—   diet (4.1 and 6.2),

—   water (4.2), and

—   housing (4.3 and 6.3);

•   basic animal methodology, including aspects of animal care and use that can affect research outcomes (section 5), with detailed information about

—   experimental effects (5.1),

—   administration of substances (5.2),

—   use of infectious agents (5.3),

—   sample acquisition (5.4), and

—   euthanasia (5.5).

The ability to interpret, evaluate, and reproduce biomedical and other types of laboratory animal research and testing is a reasonable minimum standard for the assessment of effective reporting in research articles. Journal editors can substantially contribute to the achievement of this standard through the articulation of clear policies and criteria for their authors and reviewers. This report complements existing checklists and resources by providing guidance and scientific evidence for the specific types of information that should be included in research publications to promote the advancement of science involving animal studies. It also describes approaches to facilitate the provision of such information.

1.1 The Need for Guidance

Analyses of published studies with research animals have demonstrated numerous deficiencies in the reporting of details in research methods for animal studies (Kilkenny 2009; Vesterinen et al. 2011). Despite multiple publications over the past 25 years calling attention to the critical factors and information necessary to enhance such reporting, most scientific journals provide relatively little specific guidance for authors and reviewers and there has been limited effort until quite recently (see next section) to address this systemic problem (Alfaro 2005; Ellery 1985; Öbrink and Rehbinder 2000; Smith et al. 1997). Most biomedical journal policies simply refer to regulatory requirements for animal use, without referring to critically important experimental design information.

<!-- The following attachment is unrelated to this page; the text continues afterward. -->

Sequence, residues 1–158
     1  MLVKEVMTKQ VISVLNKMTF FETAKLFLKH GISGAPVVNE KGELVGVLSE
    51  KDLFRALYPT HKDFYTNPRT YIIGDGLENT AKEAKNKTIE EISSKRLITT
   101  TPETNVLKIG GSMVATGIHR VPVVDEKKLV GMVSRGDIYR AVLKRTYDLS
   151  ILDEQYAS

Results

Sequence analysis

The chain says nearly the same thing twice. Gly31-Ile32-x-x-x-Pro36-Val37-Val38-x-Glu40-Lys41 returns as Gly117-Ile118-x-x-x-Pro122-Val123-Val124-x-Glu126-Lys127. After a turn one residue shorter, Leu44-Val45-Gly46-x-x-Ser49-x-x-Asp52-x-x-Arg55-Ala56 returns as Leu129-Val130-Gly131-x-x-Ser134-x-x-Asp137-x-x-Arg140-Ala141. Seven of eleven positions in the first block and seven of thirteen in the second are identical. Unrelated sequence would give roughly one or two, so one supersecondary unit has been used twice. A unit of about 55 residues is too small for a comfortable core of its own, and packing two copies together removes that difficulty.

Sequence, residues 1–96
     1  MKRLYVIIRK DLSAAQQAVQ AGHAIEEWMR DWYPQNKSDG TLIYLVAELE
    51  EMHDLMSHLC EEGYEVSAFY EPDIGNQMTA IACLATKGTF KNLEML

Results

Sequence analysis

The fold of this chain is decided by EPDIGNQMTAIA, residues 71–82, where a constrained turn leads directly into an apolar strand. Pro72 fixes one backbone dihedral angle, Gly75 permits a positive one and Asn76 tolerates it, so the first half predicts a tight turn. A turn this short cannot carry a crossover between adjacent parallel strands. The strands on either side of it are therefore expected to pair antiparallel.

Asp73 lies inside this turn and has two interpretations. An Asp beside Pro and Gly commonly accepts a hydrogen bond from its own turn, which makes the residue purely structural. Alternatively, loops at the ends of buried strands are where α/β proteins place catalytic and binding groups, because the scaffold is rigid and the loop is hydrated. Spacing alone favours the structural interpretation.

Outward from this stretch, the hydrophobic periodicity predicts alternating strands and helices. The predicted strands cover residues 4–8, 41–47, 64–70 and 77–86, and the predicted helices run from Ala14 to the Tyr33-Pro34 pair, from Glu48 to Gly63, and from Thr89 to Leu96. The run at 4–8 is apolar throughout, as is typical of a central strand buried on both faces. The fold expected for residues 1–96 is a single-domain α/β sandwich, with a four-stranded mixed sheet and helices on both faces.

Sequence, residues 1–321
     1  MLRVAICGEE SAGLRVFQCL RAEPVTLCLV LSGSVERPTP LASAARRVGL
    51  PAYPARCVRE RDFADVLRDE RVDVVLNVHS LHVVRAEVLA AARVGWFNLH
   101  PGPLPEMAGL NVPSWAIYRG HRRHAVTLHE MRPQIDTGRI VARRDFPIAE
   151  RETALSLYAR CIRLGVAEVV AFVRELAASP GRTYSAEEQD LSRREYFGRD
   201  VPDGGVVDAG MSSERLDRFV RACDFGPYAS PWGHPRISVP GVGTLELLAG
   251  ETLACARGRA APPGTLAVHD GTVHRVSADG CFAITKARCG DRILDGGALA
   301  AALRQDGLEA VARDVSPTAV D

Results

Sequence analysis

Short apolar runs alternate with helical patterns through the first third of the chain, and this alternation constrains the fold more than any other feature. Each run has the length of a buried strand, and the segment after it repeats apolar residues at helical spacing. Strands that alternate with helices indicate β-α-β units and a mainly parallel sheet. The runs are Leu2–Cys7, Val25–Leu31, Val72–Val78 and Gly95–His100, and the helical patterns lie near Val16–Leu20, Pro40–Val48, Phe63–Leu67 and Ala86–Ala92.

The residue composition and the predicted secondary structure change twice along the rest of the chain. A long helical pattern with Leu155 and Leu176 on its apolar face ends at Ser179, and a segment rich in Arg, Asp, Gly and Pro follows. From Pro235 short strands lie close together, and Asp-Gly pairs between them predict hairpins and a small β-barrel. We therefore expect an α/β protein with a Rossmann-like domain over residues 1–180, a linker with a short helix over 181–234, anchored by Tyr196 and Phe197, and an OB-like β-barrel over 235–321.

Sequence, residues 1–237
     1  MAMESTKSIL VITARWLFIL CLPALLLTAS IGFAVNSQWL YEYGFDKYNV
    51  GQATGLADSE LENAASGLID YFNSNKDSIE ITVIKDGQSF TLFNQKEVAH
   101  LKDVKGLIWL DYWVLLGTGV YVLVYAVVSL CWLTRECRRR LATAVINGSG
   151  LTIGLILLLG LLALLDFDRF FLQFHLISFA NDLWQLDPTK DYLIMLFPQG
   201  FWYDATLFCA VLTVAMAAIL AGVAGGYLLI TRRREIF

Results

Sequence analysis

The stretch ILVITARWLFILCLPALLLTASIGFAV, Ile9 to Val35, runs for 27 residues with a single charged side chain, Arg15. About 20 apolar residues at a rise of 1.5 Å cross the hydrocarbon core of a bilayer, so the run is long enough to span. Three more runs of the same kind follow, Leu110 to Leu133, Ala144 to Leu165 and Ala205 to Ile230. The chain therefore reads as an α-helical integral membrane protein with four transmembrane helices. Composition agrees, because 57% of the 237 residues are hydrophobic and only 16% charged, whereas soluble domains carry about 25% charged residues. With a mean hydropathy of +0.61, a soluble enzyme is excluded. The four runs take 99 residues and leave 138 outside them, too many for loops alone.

Lack of sufficient experimental procedural detail about animal studies in the research literature has both scientific and ethical implications:

  • It limits the ability to confirm and build on research findings.
  • It can lead to the unnecessary use of animals in studies that fail to reproduce the reported results.
  • It may mask problems in the quality of the design and conduct of animal studies (Dirnagl and Macleod 2009; Festing 2003; Festing and Altman 2002; Macleod et al. 2009; Rice et al. 2008).
  • It limits the ability to perform systematic reviews (Hooijmans et al. 2010; Peters et al. 2006; Ranstam 2010; Roberts et al. 2002).
  • The foregoing impacts may give rise to questions about experimental methods and the overall quality of the studies and thus erode support for the utility—and necessity—of laboratory animal research for informing human health treatments (Perel et al. 2007; Pound et al. 2004; van der Worp et al. 2010).

The articulation of clear guidelines by journals for the reporting of animal-related studies will help to address many of these concerns. Useful journal policies will define requirements for accurate

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